Potential of a ‘bad’ flu season and a shortage of both Emergency Medicine and Intensive Care Hospital Consultants increase risk of reduced quality of care for patients this winter.
IHCA President Dr. Donal O’Hanlon says “the current position of constant crisis in our hospitals could very quickly move to catastrophe if our acute hospitals experience any additional strains on their already overstretched resources this winter”.
According to the IHCA, since the Taoiseach Leo Varadkar first promised to commence talks with consultant representative bodies last October, with a further commitment from Minister for Health Simon Harris to commence talks this September now unfulfilled, an additional 53,135 patients have been added to outpatient waiting lists.
There are now 569,498 patients on outpatient lists, with one million patients waiting to see a hospital consultant overall.
The IHCA has expressed concerns that, with one-in-five of all permanent consultant posts now unfilled (500 posts) and the high number of patients being treated on trolleys now a year-round phenomenon and with tens of thousands of patients waiting ever longer periods to access care, service delivery at our acute hospitals continue to deteriorate.
With winter almost upon us, Emergency Medicine and Intensive Care Departments, both at the front line of the annual winter surge, are severely impacted by the consultant recruitment and retention crisis.
There are currently only 86 permanent consultants working in Emergency Medicine, while 25 posts are either vacant or not permanently filled;
Overall, there are 43 per cent less ED Consultants (86 vs. 123) than recommended in a HSE commissioned report from 2003 (Hanly Report);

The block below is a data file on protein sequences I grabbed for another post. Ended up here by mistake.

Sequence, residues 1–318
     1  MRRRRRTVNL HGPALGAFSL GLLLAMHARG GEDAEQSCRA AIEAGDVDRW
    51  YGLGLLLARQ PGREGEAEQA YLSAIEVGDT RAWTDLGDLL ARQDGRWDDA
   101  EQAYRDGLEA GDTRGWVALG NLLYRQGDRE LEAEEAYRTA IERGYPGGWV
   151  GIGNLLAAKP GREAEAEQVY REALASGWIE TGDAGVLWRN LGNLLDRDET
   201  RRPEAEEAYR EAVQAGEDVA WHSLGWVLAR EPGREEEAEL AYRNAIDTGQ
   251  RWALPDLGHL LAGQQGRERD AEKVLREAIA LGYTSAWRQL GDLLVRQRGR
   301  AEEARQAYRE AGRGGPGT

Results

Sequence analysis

Due to the shortage of EM Consultants, patient waiting times far exceed the national target of 75 per cent compliance with the six hours ‘Patient Experience Time’. According to the latest available HSE data, 38 per cent of all patients waited longer than six hours in an ED before being either admitted or discharged and 22 per cent waited longer than 9 hours.
Eleven per cent of older patients aged over 75 are waiting in excess of 24 hours for treatment in Emergency Departments.
There are currently only 35 ICU consultants working in our acute public hospital, 57 per cent less than the 82 posts recommended in a HSE report from 2009;
There is also a huge shortage of ICU beds. We currently have 249 IC beds, 40 less than ten years ago, and 230 less beds than required, again according to a HSE commissioned report.
According to the IHCA President, Dr. Donal O’Hanlon, “The extent of this year’s flu season is to the fore of potential risks which our public hospitals face this winter. With Australia, often used as the barometer for the rest of the world, experiencing a worse than usual flu season, which resulted in a much more severe illness for those who contracted flu.
“With a shortage of emergency medicine and intensive care consultants to the fore, our public hospitals do not have the capacity to withstand any such additional shocks.
“The failure of Minister Harris to honour his commitment to commence talks with consultant representative in September is extremely disappointing.
“The Government’s failure to address the consultant recruitment crisis is a neglect of its’ duty of care to patients to tackle our huge waiting lists, now the longest in Europe, and get our patients treated faster. The Government cannot continue to ignore this crisis but must commence talks this immediately”.